Only God forgives - but this ‘god’ is unlikely to

Justine Toh examines the portrayal of God found in Only God Forgives

Only God Forgives, declares the title of the latest winner of the 2013 Sydney Film Festival’s’ Official Competition, and now in limited release in cinemas across Sydney. But after watching the film, which was first heckled at the Cannes Film Festival and has sharply divided critics ever since, it’s hard not to draw the conclusion that while God may forgive, he’s certainly not likely to.

At first glance Only God Forgives seems an unlikely film to be interested in such matters sacred. Ryan Gosling, reuniting with Drive director Nicholas Winding Refn, plays Julian, who runs a Thai boxing club as a front for shadier activities. After Julian’s older brother Billy is killed their mother Crystal, Kristin Scott Thomas’ icy crime matriarch, demands Julian seek revenge on the man who did the deed. This chain of events draws Julian into an inexorable showdown with Chang, Vithaya Pansringarm, a local cop who not only acts as both judge and executioner but who also provokes the film’s bigger questions concerning divine mercy and justice.

Chang seems like a mild-mannered granddad, one who has a soft spot for the young girl in his care and quite enjoys a turn at the mike during karaoke night. But he’s not a man to mess with. He conducts impromptu night-time trials that draw out the varying degrees of guilt of those under interrogation before carrying out his idea of the appropriate sentence, courtesy of a blade he wields with deadly skill. Early on in the film, Chang calmly grills the grieving father whose daughter has been raped and killed by Billy, asking how he, the father, could have prostituted his daughters in the first place. Chang then metes out his own brand of punishment by lopping off the father’s hand “for the sake of your living daughters”.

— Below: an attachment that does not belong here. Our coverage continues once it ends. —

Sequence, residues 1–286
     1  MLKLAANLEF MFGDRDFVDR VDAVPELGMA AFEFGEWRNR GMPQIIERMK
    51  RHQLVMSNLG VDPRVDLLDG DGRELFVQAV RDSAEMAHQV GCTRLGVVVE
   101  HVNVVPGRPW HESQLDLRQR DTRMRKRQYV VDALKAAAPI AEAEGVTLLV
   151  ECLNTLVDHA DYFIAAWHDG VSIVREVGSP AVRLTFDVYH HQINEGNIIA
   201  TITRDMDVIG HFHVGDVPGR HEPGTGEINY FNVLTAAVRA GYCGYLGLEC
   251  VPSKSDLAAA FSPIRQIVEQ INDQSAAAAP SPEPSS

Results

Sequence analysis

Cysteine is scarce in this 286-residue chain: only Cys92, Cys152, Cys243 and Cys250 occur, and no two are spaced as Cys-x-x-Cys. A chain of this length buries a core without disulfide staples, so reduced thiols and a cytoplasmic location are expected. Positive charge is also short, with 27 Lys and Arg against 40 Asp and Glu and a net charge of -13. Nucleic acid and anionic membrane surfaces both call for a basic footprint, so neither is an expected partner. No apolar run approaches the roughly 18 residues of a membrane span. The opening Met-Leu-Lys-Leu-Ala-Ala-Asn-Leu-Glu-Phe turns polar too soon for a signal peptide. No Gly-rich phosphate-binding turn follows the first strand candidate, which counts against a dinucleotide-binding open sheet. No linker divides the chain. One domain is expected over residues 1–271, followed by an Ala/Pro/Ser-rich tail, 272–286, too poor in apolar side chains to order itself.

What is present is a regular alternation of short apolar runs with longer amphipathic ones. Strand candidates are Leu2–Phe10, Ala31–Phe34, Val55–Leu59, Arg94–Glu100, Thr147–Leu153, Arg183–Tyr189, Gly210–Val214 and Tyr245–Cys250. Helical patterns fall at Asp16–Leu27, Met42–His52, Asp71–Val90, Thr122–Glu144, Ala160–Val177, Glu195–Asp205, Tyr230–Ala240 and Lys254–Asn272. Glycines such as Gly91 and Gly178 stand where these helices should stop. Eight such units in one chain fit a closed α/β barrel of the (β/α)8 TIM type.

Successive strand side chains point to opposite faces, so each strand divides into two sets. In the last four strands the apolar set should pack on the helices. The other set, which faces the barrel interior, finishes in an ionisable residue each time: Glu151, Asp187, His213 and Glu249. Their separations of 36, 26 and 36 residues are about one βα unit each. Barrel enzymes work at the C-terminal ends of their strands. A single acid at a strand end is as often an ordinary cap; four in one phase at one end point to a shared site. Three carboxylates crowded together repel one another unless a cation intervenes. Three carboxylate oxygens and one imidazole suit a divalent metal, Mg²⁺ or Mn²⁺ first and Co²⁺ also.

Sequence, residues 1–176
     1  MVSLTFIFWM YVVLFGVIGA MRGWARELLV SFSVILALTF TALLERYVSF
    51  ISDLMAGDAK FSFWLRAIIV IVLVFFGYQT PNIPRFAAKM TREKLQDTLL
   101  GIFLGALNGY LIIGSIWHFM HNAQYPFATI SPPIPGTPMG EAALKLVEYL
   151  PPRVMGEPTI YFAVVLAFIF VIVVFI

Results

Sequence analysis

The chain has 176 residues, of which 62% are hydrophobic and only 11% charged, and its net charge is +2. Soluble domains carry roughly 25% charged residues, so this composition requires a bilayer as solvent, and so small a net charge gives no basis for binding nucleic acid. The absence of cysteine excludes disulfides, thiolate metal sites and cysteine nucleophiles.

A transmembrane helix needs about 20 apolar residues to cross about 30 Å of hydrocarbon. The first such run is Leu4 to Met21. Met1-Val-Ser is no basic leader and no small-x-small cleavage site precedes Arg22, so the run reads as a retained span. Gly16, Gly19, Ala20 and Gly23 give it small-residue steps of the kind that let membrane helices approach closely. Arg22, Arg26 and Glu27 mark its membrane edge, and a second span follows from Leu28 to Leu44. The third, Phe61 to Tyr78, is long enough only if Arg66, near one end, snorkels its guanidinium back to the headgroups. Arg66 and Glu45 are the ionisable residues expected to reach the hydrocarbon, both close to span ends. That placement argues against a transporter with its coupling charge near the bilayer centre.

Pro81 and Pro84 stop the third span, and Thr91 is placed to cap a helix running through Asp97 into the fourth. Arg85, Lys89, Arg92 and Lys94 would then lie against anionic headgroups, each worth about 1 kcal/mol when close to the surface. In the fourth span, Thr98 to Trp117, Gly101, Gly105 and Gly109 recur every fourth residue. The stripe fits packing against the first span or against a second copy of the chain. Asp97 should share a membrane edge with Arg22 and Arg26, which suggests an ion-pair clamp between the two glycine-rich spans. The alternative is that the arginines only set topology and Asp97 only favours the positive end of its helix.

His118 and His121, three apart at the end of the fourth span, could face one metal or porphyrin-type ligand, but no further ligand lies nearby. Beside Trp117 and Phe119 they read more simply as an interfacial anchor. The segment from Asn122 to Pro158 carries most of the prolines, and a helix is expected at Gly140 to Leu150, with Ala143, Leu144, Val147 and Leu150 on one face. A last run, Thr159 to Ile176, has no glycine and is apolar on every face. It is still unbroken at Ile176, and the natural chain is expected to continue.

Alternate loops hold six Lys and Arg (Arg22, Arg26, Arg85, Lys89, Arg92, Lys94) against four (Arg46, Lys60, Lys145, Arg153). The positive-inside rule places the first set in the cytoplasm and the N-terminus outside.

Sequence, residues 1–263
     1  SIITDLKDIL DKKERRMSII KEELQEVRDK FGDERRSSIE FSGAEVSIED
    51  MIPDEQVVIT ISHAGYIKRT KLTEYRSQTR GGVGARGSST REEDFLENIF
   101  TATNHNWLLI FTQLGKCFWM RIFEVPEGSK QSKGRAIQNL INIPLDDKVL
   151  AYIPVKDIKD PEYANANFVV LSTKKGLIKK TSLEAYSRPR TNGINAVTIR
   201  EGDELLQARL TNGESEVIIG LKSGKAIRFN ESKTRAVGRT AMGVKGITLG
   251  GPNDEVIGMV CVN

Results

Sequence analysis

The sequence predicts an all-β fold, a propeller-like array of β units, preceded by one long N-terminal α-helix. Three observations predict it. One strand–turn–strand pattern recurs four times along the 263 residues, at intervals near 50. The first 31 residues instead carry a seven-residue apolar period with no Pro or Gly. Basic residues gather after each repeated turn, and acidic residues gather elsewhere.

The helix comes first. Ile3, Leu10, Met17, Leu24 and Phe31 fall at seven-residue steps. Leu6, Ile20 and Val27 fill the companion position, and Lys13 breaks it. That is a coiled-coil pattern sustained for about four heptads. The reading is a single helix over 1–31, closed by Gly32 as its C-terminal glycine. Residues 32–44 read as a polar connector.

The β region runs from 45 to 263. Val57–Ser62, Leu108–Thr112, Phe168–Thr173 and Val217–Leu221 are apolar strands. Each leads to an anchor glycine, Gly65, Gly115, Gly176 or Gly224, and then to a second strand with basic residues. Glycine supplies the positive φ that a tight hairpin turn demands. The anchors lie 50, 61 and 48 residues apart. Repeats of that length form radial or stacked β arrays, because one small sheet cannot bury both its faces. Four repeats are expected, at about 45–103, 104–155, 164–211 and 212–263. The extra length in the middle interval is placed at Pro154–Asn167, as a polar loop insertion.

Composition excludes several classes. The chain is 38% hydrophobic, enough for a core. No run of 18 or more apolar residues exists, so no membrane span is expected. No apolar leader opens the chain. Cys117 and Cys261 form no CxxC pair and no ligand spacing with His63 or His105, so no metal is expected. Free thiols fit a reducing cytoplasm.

Chang, then, is no ordinary cop but the ‘god’ of the film’s title who is charged with a sense of his own righteousness and invulnerability. He seems omniscient in his intuitive sense of people’s guilt and the way he effortlessly anticipates people’s moves before even they know what they’re going to do next. Then there’s his blade. It’s never seen strapped to his back but he never fails to draw it out of thin air. And he never loses, as Julian is to find out when he challenges Chang to a fight.

As director Nicholas Winding Refn tells it in the film’s press notes, the original intent behind Only God Forgives was to make a film “about a man who wants to fight God”. “When I was writing the film,” he says, “I was going through some very existential times in my life—we were expecting our second child and it was a difficult pregnancy—and the idea of having a character who wants to fight God without knowing why very much appealed to me.”

Though Winding Refn doesn’t go into more detail than that, his comments suggest that what has often been called the problem of suffering—that is, if an all-powerful, good God exists why do so many bad things happen?—loomed over the film’s genesis. Even so, that context doesn’t necessarily translate clearly to characters’ motivations. It’s not clear why, for example, Julian is so keen to land a knockout punch on God. Sure, Chang/God may have effectively caused Billy’s death, but Julian knows that his brother wasn’t a stainless victim.

In any case, Chang and Julian fight. Staged in the boxing club under bright lights, the scene is set for a thrilling match but it’s over very quickly. Julian gets severely whipped by Chang as if to underscore how outclassed he, a mere mortal, is when facing off against the film’s version of the Almighty. That Chang should prevail over Julian comes as no surprise but the scene can’t help feeling like a letdown—after all, this desired confrontation between a haunted man and the God against whom he rages, even if he doesn’t know exactly why, is what sparked the film in the first place. Yet Chang efficiently and precisely dispatches with Julian before stalking away, leaving him a bloodied mess on the floor. There is no answer beyond Julian’s wounds to whatever question Julian was posing to Chang in asking him to fight.